Meanwhile, the main plot is incredibly bare bones and rushed. Everything happens in the span of a month from meeting to engagement. Plus there’s the super annoying mad first wife in the attic trope of Vicorian lit. Maybe. Mayyyybe the author meant this to be a sort of parody of Jane Eyre? I don’t know. But it doesn’t work really. It’s kind of insulting, actually, especially for a book that supposedly is pro women’s rights but then we have a first wife who went mad after being basically raped by her husband but it’s not his fault because he couldn’t stop himself.
Yeah, so, there is that. What saves this book from two stars is actually the subplot involving Bea’s brother and the male and female servant. They end up establishing a three-way relationship that is healthy for all of them and then move to the countryside to carry it on in peace. Now this is a fascinating little situation and leaves the door wide-open for all sorts of fun sex scenes, but we only get one with all three of them.
My advice to the author would be next time to focus on the unique storyline instead of the one that’s sort of a rip-off from old Victorian lit.
And also not to make the main dude a rapist.
Overall if you’re open to lots of types of sex scenes in your erotica and have a certain affinity for Victorian clothes and virgin sex, then you’ll enjoy this read and certainly get the bang for your buck. (haha) All others should steer clear.
3 out of 5 stars
Jac ran away from her family’s traditional perfumerie in Paris to pursue a career in mythology in her mother’s homeland of the USA. This move was spurred on by her mother’s suicide, and Jac’s own subsequent loss of touch with reality. Years of therapy later, all is well, but when Jac’s brother and current manager of the perfumerie goes missing, Jac must face up to her demons at home, as well as scenes in her own mind. Are they delusions or past life memories?
I requested this on NetGalley without realizing it was part of a series, but it is evident each entry in the series is about different people whose lives intertwine in a minor way. Thus, I was able to read this book without feeling that sense of disorientation that happens when you jump into the middle of a series. I’m glad too, because I found the story an intriguingly different plot-line for a thriller.
Essentially, there are some pottery pieces that Robbie discovers in his home that may or may not have once held a scent that allows whoever smells it to remember their past lives. A past life therapist wants these pottery pieces, Robbie wants to give them to the Dalia Lama, and the Chinese government wants to keep them out of the Dalai Lama’s hand in their on-going quest against Tibet. It’s a good big world plot, but the overall focus is mostly on Jac, which is how I tend to prefer thrillers. And Jac is a great character. She is strong, intelligent, a caring sister. She had a rough childhood, but still has her head on straight. Her struggle with whether or not she had past lives ends up not being as important as the reader might at first think, which I also appreciated. Jac’s character development is about accepting herself for who she is and not making selfish choices. It is not at all the romance I thought at first it was going to be, and that is a good thing.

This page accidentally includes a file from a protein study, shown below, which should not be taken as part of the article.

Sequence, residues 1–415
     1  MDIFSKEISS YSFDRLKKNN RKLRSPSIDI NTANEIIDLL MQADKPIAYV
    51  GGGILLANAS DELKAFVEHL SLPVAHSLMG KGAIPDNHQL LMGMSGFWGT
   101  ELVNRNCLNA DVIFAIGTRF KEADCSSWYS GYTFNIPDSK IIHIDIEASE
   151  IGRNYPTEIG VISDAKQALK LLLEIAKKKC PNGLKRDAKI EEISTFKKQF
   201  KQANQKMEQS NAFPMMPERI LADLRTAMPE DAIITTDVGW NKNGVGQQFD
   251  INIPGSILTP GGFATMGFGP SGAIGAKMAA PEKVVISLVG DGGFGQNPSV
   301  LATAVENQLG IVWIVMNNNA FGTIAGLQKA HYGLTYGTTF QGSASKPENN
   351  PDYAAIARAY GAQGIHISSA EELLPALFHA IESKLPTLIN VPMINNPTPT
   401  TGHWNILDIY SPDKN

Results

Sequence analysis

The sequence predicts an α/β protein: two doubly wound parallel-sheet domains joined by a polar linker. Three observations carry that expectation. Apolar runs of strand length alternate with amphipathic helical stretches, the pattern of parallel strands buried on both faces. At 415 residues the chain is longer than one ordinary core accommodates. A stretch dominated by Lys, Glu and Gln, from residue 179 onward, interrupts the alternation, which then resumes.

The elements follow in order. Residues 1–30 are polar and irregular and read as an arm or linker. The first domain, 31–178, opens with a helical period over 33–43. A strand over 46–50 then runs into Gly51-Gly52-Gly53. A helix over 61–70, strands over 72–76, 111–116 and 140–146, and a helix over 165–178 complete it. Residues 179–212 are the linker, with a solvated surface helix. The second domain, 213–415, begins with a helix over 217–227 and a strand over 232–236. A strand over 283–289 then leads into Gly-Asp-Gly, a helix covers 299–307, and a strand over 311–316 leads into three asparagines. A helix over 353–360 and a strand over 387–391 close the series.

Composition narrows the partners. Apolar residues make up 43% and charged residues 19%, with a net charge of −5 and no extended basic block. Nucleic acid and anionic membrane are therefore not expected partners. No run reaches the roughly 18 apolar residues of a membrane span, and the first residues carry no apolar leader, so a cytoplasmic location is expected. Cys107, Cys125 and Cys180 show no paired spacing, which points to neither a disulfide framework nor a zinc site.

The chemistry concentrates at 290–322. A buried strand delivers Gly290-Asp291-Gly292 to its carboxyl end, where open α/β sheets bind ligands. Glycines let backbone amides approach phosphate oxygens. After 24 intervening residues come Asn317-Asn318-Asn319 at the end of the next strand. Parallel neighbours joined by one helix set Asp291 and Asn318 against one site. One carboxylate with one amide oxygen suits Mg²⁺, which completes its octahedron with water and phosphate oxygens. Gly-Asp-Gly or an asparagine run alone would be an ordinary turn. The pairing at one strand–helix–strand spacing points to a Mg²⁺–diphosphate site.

Rose evokes the settings of Paris and NYC with equal aptitude. I must say I found myself craving an afternoon at the museum and some creperies when I was done with the book. The perfumerie business and house are equally beautiful and easy to picture, but also the tunnels underneath Paris are evoked well. Setting and characterization are strong points of Rose’s.
I did periodically feel the book moved too slow in the beginning. Also, I was disappointed that people who were evil now were evil in past lives and the good were always good. Similarly, only one person had a past life as a different gender. I get it that Rose’s point is that one needs to know one’s past lives in order to fix your mistakes that you make over and over, but I think it’s a bit short-sighted to think that if reincarnation did exist it would be that simplistic. Also, personally, I just don’t believe in soul mates, so having that as a strong theme in the book was rather eye-roll inducing.
Overall, this is a fun worldwide thriller with educated people at the center of it that includes thought-provoking themes like self-improvement and self-acceptance. Fans of the modern, globe-spanning thriller will enjoy it, as well as anyone who has a love of Paris.
4 out of 5 stars